By Mark Hulbert, MarketWatch
Tobacco giants Philip Morris International and Altria Group, which divorced in 2008, want to marry again. Their proposed merger tells us much about the current state of the U.S. stock market.
The standard narrative is that the decade-ago split was due to legal liabilities the old Philip Morris /zigman2/quotes/201611010/composite PM -1.95% faced in the U.S. — liabilities that would supposedly impair the non-domestic part of its business from fully exploiting international markets.
Ironically, the day after the merger talks were confirmed, the Wall Street Journal reported that the Federal Trade Commission was investigating Juul for allegedly marketing e-cigarettes to children. This FTC investigation follows a suit the North Carolina attorney general filed against Juul in May for similar alleged infractions. Altria /zigman2/quotes/208895754/composite MO -0.91% owns a 35% stake in Juul.
Matthew Rhodes-Kropf, a MIT finance professor, said in an interview that companies have a fairly low bar to hurdle in coming up with rationales for why they should merge. They simply must convince shareholders these synergies exist; actual plausibility is not necessary.
While not commenting about the potential Philip Morris-Altria merger in particular, Rhodes-Kropf said merging companies’ rationales often remind him of Rudyard Kipling’s “Just So” stories, such as the one about how the leopard got his spots. These stories have superficial plausibility but break down when subjected to critical scrutiny.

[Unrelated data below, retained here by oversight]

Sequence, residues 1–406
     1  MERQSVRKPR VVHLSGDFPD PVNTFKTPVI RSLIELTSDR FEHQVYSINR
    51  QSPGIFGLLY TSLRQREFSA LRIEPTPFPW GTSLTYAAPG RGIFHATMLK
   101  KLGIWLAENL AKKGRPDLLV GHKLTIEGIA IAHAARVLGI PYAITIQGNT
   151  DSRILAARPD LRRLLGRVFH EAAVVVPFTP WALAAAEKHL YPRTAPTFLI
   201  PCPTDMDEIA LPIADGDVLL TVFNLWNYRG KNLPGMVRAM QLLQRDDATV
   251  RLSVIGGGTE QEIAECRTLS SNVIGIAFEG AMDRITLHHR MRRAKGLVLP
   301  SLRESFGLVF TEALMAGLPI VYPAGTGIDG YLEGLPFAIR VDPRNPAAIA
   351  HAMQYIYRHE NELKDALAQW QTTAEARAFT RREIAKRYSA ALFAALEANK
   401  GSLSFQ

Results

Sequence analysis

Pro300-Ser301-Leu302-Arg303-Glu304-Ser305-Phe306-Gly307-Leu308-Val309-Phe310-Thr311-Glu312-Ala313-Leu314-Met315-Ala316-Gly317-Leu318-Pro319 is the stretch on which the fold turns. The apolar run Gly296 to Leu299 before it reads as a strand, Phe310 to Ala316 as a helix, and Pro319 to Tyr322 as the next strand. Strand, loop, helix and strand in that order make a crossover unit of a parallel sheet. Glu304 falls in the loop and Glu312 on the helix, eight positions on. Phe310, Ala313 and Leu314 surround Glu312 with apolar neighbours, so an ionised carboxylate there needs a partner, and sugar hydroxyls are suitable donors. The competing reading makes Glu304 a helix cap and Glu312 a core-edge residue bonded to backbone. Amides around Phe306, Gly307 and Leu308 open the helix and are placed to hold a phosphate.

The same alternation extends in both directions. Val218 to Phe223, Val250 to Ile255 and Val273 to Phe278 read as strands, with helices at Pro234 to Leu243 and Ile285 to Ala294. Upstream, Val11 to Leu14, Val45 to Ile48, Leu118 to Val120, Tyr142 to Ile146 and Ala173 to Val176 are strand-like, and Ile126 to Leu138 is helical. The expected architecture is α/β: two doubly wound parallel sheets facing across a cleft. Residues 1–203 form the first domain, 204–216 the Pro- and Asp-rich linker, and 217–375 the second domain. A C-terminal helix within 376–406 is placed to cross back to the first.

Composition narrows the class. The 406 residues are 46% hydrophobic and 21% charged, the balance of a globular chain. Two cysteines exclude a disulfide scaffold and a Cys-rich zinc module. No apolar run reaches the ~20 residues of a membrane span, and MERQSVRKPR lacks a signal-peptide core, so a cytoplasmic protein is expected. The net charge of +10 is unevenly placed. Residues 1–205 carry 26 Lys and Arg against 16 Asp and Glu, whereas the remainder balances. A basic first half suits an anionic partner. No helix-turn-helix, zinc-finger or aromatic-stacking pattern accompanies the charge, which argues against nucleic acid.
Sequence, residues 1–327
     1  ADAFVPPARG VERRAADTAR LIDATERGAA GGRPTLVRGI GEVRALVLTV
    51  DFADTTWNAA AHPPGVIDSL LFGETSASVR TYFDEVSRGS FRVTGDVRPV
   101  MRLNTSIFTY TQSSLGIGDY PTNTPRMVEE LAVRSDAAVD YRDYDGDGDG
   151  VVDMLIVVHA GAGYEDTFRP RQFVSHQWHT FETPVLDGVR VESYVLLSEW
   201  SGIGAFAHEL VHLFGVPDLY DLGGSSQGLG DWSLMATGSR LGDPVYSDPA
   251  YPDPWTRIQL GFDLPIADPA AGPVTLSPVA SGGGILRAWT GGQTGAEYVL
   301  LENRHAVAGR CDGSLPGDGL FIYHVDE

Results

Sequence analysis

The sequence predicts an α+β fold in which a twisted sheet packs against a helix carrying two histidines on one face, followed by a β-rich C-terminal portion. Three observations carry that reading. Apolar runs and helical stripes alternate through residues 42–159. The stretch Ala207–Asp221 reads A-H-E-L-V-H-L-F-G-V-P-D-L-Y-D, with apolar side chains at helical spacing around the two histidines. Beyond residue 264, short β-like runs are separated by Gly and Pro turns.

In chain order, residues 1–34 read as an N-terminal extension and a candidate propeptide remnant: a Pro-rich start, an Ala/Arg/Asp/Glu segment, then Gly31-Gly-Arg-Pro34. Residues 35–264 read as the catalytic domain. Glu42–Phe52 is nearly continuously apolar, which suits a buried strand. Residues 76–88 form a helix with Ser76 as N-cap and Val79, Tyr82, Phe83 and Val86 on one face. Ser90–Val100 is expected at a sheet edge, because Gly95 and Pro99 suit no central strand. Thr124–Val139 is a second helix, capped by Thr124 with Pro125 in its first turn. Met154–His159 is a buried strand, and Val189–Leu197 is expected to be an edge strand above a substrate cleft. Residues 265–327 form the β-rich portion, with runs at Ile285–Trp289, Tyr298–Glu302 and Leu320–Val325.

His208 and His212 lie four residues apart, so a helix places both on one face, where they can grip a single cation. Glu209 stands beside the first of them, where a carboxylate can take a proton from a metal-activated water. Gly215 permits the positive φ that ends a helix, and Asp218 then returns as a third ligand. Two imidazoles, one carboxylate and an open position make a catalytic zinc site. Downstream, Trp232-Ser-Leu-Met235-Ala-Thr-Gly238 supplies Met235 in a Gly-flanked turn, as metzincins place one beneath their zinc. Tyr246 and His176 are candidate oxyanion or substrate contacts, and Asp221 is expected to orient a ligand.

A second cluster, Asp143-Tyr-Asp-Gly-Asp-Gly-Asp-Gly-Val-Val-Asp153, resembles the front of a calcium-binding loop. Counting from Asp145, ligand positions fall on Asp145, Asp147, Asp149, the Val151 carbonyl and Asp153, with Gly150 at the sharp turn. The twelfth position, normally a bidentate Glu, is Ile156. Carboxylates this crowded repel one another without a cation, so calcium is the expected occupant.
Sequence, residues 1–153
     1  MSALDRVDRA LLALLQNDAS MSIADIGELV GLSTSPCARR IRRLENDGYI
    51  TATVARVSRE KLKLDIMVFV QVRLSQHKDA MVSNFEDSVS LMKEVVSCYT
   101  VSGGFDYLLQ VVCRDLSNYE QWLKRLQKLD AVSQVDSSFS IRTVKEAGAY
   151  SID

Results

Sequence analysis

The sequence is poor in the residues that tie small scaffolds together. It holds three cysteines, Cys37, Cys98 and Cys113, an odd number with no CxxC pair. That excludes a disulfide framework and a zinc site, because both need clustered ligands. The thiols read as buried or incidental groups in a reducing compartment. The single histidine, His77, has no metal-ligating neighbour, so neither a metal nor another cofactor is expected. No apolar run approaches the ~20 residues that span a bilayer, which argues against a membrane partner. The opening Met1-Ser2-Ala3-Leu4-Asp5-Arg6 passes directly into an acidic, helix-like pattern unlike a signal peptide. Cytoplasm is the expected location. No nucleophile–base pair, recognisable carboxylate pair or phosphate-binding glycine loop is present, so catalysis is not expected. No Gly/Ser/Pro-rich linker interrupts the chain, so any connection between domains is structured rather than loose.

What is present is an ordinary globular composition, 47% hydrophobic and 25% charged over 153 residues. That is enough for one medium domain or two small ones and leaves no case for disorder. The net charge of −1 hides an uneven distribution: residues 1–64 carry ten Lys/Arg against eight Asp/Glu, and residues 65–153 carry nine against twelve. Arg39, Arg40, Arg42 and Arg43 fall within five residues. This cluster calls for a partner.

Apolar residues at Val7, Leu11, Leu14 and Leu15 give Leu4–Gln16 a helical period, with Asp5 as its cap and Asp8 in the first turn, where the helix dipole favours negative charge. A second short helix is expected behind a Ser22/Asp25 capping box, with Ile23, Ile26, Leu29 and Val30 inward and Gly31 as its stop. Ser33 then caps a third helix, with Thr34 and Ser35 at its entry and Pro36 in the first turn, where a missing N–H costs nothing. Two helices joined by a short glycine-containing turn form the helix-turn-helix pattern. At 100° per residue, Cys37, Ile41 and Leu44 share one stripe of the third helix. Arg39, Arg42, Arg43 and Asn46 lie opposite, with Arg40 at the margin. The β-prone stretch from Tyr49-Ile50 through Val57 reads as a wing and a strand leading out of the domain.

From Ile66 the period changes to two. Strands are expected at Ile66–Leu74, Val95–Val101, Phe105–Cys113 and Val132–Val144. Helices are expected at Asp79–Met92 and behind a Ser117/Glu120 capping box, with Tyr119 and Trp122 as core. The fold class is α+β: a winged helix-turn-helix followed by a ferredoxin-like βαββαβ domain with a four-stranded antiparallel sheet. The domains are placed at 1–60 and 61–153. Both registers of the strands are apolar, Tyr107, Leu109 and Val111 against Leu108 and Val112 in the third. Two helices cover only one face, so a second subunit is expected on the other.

Rhodes-Kropf has discovered through his research that merging companies’ “Just So” synergy stories are more likely to be believed at certain times than at others.
When stock market valuations are low, such as during the 2008 Financial Crisis when Philip Morris and Altria split, those merger rationales are less likely to be believed. But when valuations are high, as they are now, those same rationales seem far more believable.
Rhodes-Kropf’s research also helps to explain two other features of M&A activity: It tends to come in waves, and all past waves have ended with the overall U.S. market declining sharply.
This latter feature of the historical record is an especially ominous precedent for today’s market, since the proposed Philip Morris-Altria merger is part of a wave that has been building for several years now. And though Rhodes-Kropf emphasizes that there’s no way of telling when this wave will crest, he thinks it is probable that it will end just as badly as all the others.
It’s also worth noting that Rhodes-Kropf’s research doesn’t mean that a merger between Philip Morris and Altria is a bad idea. It may well be that the market capitalization of the combined company will grow faster (or decline more slowly) than if the two companies stayed separate.
Still, seeing this proposed Philip Morris-Altria merger within the historical context of past M&A waves in the U.S leads to a heightened concern for the stock market’s future.